-Report by Shivansh Pratap Singh
In the case of MR. JAY SURYAKANT KAKADE Vs MRS. ANUNAYA JAY KAKADE dated 02.Feb.2022 a husband has filed an application for transfer of proceedings from the magistrate to the family court but the wife argues her right to appeal will be infringed.
Facts of the case:
The Applicant (Husband) seeks to transfer the proceedings filed by the wife under the Protection of Women under the Domestic Violence act,2005 before the Judicial Magistrate to the family court where he has filed a divorce petition.
As the primary evidence in both cases remains the same there is the risk of conflicting judgements by two different judges. Further, the efficiency of cross-examination would be reduced and the judicial time of different courts will be wasted.
Respondent disputed the applicant’s contention about conflicting judgements and the efficiency of cross-examination as misplaced. Domestic Violence Act aims to provide speedy remedy to women and such transfer will take away that right and also would be a serious infringement upon her right to appeal.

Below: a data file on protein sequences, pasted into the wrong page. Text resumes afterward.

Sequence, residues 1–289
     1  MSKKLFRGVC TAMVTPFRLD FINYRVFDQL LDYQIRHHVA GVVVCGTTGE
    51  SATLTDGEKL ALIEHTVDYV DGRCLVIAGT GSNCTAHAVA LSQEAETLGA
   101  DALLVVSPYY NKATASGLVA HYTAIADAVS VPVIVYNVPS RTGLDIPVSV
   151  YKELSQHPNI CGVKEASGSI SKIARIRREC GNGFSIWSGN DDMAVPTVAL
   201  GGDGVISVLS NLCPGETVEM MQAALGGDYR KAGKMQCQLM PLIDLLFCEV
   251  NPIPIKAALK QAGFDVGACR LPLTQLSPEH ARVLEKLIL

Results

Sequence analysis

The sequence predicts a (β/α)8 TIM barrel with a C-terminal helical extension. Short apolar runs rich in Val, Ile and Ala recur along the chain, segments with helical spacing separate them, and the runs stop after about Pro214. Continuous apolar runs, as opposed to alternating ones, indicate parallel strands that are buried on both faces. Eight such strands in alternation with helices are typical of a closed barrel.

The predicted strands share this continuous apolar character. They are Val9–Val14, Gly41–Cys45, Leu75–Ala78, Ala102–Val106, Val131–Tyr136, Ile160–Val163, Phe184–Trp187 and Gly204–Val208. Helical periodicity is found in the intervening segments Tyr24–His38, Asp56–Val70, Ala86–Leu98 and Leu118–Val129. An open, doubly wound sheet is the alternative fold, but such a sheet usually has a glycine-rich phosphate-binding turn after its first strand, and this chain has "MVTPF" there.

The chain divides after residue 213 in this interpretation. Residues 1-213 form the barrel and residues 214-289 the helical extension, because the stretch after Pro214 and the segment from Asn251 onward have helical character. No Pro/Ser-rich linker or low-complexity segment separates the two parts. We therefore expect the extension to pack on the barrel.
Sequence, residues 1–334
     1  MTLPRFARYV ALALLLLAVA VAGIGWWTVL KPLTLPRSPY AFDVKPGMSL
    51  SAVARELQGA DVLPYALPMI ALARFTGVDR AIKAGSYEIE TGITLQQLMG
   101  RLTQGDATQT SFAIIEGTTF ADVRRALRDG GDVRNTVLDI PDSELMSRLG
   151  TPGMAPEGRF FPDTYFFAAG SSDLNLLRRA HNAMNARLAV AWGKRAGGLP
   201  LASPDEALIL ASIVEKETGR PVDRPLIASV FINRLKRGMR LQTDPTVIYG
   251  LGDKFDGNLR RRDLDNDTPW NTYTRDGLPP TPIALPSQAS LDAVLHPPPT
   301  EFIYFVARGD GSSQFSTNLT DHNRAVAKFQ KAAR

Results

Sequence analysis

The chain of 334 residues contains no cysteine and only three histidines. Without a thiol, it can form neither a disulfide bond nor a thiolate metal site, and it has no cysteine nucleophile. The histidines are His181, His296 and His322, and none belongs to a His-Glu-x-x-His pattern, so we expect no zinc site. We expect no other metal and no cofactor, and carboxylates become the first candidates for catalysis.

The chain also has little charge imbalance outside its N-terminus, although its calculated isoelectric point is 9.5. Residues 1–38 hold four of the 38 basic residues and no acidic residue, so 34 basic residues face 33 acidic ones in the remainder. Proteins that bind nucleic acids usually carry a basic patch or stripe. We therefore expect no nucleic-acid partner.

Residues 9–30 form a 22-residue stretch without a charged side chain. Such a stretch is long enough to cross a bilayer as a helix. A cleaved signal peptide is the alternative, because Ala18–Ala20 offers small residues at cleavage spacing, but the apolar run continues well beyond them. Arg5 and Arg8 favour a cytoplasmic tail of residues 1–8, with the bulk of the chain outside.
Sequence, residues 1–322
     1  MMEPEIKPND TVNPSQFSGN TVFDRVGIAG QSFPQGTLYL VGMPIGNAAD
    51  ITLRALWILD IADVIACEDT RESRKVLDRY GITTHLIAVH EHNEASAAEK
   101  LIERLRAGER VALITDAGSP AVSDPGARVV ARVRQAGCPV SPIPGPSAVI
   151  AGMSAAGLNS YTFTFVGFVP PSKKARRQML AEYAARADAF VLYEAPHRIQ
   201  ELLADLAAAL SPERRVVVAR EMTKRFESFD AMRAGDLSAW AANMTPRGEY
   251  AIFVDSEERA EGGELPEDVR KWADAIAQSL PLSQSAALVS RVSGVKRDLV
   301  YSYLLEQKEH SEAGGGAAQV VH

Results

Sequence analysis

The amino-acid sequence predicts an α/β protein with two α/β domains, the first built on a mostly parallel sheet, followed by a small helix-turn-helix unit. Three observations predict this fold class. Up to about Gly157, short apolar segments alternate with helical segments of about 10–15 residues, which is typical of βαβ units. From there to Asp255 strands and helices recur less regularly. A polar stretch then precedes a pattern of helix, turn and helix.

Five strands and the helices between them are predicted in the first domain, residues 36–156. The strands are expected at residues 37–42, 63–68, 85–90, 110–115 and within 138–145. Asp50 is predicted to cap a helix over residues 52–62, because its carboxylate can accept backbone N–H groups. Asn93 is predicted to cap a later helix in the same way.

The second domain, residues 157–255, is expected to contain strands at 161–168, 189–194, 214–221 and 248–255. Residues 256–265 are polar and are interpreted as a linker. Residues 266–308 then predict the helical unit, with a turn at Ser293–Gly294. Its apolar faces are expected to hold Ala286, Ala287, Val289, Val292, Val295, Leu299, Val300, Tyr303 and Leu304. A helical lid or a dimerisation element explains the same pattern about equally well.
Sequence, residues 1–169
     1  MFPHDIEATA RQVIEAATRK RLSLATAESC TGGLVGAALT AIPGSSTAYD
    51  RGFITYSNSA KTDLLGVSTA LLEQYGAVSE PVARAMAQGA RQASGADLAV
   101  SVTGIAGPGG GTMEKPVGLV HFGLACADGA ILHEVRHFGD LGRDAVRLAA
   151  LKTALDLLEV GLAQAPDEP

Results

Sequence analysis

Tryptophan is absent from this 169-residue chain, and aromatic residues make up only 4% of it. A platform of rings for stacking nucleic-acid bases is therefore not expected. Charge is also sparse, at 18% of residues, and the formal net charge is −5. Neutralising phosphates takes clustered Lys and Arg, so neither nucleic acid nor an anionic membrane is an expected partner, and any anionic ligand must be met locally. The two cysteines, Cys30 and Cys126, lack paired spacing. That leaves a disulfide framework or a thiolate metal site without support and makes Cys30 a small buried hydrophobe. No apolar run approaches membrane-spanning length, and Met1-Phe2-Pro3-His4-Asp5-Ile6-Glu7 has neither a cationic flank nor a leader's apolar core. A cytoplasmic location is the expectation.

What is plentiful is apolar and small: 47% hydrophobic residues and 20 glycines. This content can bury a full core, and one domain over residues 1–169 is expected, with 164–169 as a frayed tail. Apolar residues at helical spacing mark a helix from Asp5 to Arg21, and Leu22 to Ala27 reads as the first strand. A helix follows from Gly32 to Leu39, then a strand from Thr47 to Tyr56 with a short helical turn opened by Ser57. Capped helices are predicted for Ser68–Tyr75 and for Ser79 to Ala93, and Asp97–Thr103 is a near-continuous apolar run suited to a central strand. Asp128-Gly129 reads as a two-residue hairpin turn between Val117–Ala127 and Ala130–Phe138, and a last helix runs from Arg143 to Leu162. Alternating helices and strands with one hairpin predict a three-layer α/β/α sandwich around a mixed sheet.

Amit Borkar opined that it is consistent with the court’s previous decisions to transfer the proceedings under Domestic Violence Act to the family court as the application filed under the Magistrate can be effectively tried under the family court. Further, the transfer is “Necessary” to avoid conflicting judgements. Whereas when it comes to the right to appeal, no such right is being infringed upon as the right being referred to here is just the right of revision. Further, the claim for speedy right of justice can be negated by the inversion test as not being the orbiter dicta or binding precedent.
KeyTakeaway from the judgement:
While delivering the judgement Amit Borkar sir referred to the ‘inversion test’ by Eugene Wambaugh to counter two points of the respondent, inversion test is a test to identify the ratio decidendi or obiter dicta of a judgement by treating a point to be absent and checking if the outcome/result varies. If it does vary then it’s the ratio decidendi or orbiter dicta but not if the resulting doesn’t vary. Further Orbiter Dicta is that part of the judgement that has to be treated as a binding precedent.
READ FULL JUDGEMENT: MCA/500/2022